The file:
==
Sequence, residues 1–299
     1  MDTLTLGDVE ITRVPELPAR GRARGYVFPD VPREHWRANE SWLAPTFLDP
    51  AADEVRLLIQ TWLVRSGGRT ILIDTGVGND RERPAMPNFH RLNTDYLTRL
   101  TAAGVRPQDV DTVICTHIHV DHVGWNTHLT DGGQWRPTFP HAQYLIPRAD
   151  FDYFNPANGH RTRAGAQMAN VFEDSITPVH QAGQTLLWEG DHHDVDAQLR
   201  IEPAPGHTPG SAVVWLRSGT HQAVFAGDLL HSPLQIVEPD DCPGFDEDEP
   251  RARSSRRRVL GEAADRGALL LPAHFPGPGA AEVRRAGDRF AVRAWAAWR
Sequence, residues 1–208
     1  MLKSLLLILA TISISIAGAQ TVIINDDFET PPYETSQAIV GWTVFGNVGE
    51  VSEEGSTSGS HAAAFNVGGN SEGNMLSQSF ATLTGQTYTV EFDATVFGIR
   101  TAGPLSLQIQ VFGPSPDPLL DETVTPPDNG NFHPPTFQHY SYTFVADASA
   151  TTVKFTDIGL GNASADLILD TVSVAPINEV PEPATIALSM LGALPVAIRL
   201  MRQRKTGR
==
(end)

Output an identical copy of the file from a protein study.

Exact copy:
Sequence, residues 1–299
     1  MDTLTLGDVE ITRVPELPAR GRARGYVFPD VPREHWRANE SWLAPTFLDP
    51  AADEVRLLIQ TWLVRSGGRT ILIDTGVGND RERPAMPNFH RLNTDYLTRL
   101  TAAGVRPQDV DTVICTHIHV DHVGWNTHLT DGGQWRPTFP HAQYLIPRAD
   151  FDYFNPANGH RTRAGAQMAN VFEDSITPVH QAGQTLLWEG DHHDVDAQLR
   201  IEPAPGHTPG SAVVWLRSGT HQAVFAGDLL HSPLQIVEPD DCPGFDEDEP
   251  RARSSRRRVL GEAADRGALL LPAHFPGPGA AEVRRAGDRF AVRAWAAWR
Sequence, residues 1–208
     1  MLKSLLLILA TISISIAGAQ TVIINDDFET PPYETSQAIV GWTVFGNVGE
    51  VSEEGSTSGS HAAAFNVGGN SEGNMLSQSF ATLTGQTYTV EFDATVFGIR
   101  TAGPLSLQIQ VFGPSPDPLL DETVTPPDNG NFHPPTFQHY SYTFVADASA
   151  TTVKFTDIGL GNASADLILD TVSVAPINEV PEPATIALSM LGALPVAIRL
   201  MRQRKTGR